(((o))): Your music is full of complexity and layers, of contrasts and opposites, and in a way that’s reflected between the band members and even within each band member, so there’s different dimensions at different levels. How does a band flourish in such a complex environment?
I guess it’s our collective reason we’re together and that’s to make music we all love – we put our egos aside and we don’t say “Ah, you can’t do that because I need a solo there” – it is what the music needs, and we’ve been going so long now, we’ve all gotten along so well we all enjoy the music we make and that’s why we do it. Someone comes up with an idea, doesn’t matter who it is – even I’ve written guitar parts, we give it a go and see what happens. record it, listen back, and give each other feedback.
(((o))): Seeing you on stage I get even more appreciation of the complexity and technicality of the band members, like Cygnus for example does much more that I was hearing on Portal of I. You also give each other a lot of room…
…we don’t like to clog things up. there’s no one person who takes the limelight, like you will never see me doing a drum solo or anything like that. I know it’s very cliched but we’re very much for the music so whatever the music needs to speak its language is what we give it, and if that means Cygnus going crazy on bass lines while Tim does the crazy violin fiddling stuff that he does, then that’s how we do it. There’s no real conscious decision that we need to give someone a bit of space – we all know our boundaries within each section so I don’t think it’s something we’re doing, it’s just how it came to be.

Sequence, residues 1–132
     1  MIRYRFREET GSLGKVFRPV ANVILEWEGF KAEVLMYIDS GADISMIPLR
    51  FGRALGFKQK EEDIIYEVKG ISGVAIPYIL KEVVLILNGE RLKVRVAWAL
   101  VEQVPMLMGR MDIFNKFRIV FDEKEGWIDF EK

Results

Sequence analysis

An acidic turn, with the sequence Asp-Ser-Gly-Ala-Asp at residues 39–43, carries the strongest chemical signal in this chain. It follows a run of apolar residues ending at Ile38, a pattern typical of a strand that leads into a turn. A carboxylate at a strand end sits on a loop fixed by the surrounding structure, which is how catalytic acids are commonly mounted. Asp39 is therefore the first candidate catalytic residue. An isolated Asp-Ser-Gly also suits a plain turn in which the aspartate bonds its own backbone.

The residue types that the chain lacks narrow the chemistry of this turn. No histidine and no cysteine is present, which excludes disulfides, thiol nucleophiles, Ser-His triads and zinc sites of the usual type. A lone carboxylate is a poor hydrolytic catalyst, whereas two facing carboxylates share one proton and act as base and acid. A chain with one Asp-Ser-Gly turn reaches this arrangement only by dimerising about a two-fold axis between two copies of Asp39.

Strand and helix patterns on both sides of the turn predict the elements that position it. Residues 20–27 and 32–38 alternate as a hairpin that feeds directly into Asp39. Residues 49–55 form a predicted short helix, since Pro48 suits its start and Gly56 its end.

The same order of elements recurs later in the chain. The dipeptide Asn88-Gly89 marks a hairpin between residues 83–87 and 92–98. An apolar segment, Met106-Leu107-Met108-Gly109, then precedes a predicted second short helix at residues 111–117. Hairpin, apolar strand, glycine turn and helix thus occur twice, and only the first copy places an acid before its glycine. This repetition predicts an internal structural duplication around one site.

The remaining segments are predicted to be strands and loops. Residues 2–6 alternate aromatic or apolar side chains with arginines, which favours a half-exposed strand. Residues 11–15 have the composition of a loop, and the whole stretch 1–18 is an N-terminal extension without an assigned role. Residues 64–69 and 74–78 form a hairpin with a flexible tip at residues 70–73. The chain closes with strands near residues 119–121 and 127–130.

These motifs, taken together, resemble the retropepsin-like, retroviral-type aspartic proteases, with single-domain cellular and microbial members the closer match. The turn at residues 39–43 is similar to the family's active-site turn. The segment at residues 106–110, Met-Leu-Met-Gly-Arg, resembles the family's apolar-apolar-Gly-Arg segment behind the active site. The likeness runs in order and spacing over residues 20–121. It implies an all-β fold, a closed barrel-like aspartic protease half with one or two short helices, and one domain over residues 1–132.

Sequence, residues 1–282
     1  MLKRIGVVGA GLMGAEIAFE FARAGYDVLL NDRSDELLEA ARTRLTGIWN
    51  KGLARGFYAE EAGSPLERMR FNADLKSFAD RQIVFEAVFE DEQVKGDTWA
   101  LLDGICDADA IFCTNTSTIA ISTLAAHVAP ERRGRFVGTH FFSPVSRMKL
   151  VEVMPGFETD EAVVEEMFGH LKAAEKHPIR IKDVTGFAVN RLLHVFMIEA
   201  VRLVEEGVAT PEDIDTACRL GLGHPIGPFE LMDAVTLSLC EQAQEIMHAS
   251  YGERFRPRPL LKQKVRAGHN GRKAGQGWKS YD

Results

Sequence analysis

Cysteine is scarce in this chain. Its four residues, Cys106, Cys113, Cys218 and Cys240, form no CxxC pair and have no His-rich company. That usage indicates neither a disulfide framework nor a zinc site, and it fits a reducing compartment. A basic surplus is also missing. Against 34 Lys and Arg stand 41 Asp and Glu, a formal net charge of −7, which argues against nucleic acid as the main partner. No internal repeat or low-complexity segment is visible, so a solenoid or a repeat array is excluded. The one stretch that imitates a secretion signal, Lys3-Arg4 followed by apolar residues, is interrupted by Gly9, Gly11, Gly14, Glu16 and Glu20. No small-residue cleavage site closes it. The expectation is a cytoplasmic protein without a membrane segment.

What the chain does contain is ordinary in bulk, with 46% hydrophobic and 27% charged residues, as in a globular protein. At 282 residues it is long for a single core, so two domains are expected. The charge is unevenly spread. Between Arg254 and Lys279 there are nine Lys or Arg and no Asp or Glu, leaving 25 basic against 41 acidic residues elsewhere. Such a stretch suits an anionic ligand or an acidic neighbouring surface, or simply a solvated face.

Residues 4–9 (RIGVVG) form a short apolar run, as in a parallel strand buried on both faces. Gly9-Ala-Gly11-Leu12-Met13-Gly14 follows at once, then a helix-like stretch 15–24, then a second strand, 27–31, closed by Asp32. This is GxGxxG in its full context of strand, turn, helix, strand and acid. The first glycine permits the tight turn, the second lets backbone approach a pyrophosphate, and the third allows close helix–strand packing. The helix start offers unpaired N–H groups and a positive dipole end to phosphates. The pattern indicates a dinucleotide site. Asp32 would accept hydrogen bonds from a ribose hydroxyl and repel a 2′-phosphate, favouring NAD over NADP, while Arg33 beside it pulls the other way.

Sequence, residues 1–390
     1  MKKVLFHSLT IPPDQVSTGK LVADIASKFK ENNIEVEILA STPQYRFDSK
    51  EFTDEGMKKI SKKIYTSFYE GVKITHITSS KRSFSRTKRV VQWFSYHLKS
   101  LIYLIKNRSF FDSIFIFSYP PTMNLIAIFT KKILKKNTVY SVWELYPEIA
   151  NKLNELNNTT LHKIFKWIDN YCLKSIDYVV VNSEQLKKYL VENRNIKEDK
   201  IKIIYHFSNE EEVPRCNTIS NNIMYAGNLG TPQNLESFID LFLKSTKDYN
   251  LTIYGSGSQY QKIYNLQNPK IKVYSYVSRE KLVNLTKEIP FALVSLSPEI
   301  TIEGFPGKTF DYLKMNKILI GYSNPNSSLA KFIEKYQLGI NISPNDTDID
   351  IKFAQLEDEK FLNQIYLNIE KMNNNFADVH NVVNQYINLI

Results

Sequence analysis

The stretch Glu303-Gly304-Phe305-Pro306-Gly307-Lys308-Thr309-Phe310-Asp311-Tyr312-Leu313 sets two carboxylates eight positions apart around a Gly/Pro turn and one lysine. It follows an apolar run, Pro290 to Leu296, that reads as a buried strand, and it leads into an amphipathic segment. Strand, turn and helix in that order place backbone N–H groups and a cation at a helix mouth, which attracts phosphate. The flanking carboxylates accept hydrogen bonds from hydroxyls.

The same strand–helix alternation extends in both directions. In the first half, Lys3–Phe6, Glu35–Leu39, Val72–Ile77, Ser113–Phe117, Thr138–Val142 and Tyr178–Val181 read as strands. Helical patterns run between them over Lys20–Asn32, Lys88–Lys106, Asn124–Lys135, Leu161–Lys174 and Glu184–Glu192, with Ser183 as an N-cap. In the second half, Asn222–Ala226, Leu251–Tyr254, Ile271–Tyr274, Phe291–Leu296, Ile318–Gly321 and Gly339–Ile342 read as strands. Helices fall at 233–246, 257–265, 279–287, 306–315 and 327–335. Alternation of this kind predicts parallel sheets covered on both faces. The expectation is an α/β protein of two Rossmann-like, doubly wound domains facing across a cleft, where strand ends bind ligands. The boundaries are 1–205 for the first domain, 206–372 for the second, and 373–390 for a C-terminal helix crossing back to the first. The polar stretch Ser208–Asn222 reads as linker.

(((o))): You’ve built a local fan base over the years in Melbourne – how would you characterise your relationship with them?
I’d like to think it’s a pretty strong one. I’ve been going to local shows since before I started playing drums so I’ve met a lot of people over the years just being a punter – I still am a punter. We engage quite a lot with our fans, we generally reply to 99.9 per cent of message we get on facebook and in emails and stuff. It takes up a lot of time but we always think people give us the time so we really like to give them the time. At shows we always hang out at the merch desk and happy to talk and catch up with people, and meeting new people is one of the most exciting things about playing in a band in foreign places – people from different cultures.
(((o))): Does playing to unfamiliar crowds put new pressures on you?
I would say it’s more expectations on each other to bring your A game to every show. We expect every member of the band to bring their best performance every night. But I love it when (the punters) come and talk – especially drummers. I love it when drummers come up and want to talk, we always end up back on the stage looking at my drums and stuff.
(((o))): You’ve got a fair bit of touring coming up?
Pretty much, I daresay the first third of next year is gonna be reasonably busy. We’re starting to plan and tentatively book things up until August and September next year so almost twelve months in advance. We’re getting organised for the European summer festival circuit – we’ll see what happens with that, if we’re successful with what we’d like to do, and then basically fit in some club shows. We’d love to get to the US next year as well.
(((o))): What does the result of your crowdfunding give you the scope to do? (The band recently raised $86,132, more than twice what they were seeking)